- The CM has to bear any losses if a subcontractor fails the contract and also deal with other liabilities and responsibilities such as checking for construction licenses.
- The CM has to ensure the project stays within the budget and schedule, otherwise, they are liable and at risk from the owner.
- The CM has to bear any extra costs of the project that exceed the Guaranteed Maximum Price as per their contract with the owner.
CMAR is suitable for projects with constrained budgets because the general contractor can provide valuable feedback during the design phase. This feedback and the subcontractors’ bids received by the CM allow owners to understand the costs of their project.
Owners understand the costs of each design element early on and make appropriate budgeting decisions. Compare it to the Design-Bid-Build method where the owner will only figure out the costs of the project after the complete design has been finished.
CMAR has completely open-book accounting. All subcontractor bids are made public. The owner can communicate with the CM to understand how each cent has been spent inside the project.
CMAR’s early collaboration adds a lot of value to projects such as complex renovations, complex additions, and projects with a lot of moving parts. For example, a construction project in a specific community or a busy campus will have impacts on the budget and schedule of the project. The CM’s involvement in the design phase will have made sure these issues were represented and adjusted in the budget beforehand.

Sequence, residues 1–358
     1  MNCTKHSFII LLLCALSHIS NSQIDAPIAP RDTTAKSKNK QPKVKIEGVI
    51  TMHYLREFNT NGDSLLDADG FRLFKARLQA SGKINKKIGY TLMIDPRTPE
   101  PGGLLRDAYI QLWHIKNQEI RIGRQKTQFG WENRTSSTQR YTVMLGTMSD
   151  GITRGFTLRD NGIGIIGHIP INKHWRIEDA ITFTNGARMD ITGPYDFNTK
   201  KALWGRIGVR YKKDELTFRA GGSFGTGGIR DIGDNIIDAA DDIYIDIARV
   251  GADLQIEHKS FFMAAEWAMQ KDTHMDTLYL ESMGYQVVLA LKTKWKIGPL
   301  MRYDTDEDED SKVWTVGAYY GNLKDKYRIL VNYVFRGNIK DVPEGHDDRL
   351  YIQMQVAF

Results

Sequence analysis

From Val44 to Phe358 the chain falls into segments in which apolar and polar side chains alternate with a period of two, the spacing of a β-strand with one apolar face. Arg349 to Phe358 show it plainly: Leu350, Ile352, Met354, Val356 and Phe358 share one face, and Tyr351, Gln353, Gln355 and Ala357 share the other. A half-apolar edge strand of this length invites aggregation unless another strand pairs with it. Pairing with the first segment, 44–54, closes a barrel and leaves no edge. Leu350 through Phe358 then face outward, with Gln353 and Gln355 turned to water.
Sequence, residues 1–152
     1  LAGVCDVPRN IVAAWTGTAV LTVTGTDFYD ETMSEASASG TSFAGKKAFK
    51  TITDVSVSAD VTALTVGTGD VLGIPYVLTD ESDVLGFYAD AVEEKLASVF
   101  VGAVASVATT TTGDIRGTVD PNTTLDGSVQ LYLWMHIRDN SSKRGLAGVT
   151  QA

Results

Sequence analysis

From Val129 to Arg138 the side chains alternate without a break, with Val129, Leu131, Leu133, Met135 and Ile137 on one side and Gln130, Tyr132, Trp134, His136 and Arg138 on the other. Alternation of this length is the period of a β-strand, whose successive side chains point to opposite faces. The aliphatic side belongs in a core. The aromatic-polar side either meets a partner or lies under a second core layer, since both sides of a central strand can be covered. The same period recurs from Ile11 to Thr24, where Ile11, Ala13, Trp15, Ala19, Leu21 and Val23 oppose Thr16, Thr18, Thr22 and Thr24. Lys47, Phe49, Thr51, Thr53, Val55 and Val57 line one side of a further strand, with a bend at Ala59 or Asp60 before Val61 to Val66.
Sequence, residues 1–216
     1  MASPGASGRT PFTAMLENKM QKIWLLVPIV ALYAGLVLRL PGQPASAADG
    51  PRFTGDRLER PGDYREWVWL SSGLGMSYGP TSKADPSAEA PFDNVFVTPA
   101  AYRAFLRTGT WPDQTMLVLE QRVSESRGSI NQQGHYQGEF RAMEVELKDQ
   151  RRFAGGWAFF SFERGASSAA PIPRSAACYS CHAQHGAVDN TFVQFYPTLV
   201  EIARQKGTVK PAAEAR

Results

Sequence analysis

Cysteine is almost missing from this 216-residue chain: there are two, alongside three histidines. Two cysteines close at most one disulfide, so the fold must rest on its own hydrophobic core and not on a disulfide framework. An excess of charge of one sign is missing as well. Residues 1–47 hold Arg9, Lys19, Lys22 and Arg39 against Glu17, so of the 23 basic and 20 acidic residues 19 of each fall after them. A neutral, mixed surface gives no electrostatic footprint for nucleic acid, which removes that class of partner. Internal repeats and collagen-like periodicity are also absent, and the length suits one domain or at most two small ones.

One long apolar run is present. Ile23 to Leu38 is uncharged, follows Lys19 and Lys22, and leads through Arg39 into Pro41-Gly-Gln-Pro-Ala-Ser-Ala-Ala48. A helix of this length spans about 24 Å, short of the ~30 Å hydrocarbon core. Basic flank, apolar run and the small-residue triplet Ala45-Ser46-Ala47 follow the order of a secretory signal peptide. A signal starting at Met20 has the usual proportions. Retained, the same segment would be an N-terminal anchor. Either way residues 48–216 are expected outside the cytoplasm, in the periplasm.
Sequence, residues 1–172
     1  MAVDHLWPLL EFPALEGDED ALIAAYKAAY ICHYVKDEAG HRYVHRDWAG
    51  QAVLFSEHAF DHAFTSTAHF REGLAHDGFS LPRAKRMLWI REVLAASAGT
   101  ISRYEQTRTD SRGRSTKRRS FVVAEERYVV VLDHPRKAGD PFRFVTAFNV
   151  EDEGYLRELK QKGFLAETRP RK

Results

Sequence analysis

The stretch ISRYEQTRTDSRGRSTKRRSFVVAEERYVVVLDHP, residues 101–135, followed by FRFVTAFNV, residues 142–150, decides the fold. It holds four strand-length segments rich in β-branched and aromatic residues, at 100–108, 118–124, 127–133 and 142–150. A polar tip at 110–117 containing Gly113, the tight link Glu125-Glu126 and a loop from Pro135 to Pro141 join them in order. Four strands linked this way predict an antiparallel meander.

CMAR does not use the lowest bid method at any stage. The CM is chosen per their qualification and not their fees. The subcontractors are chosen based on a variety of factors such as quality and safety instead of the lowest bid. The lowest bids often reduce quality, create inaccuracies, or have misinterpreted the design requirements.
Easier for Owners
First, the owner only has to go into contract with two firms; the design firm and the Construction Management firm. Fewer contracts mean less work, simpler work, and fewer liabilities.
Second, the owner does not have to bear any extra unforeseen costs that surpass the Guaranteed Maximum Price as quoted by the CM.
Third, the owner is not liable to all the subcontracts (potentially hundreds) and having to ensure that the subcontracts complete within budget and schedule.
The following list includes the main disadvantages possible while opting for CMAR.
- The Guaranteed Maximum Price can be ambiguous in its scope. It requires comprehensive communication between the CM and the owner to understand what falls under it and what does not. Anything that falls outside it cannot be held accountable to the CM. The owner will have to pay those costs.
- CMAR loses its main advantages if the design team and the CM do not find a collaborative attitude. If they butt heads with each other, continuously changing orders will drive up costs.
- Smaller and simpler projects are not suitable for CMAR where early collaboration is not much needed, and only increases the cost of the project.
- The CM becomes a critical part of the project. If a CM leaves during the project, not only the owner has to hire a new CM, but all the advantages of CMAR turn into lost costs.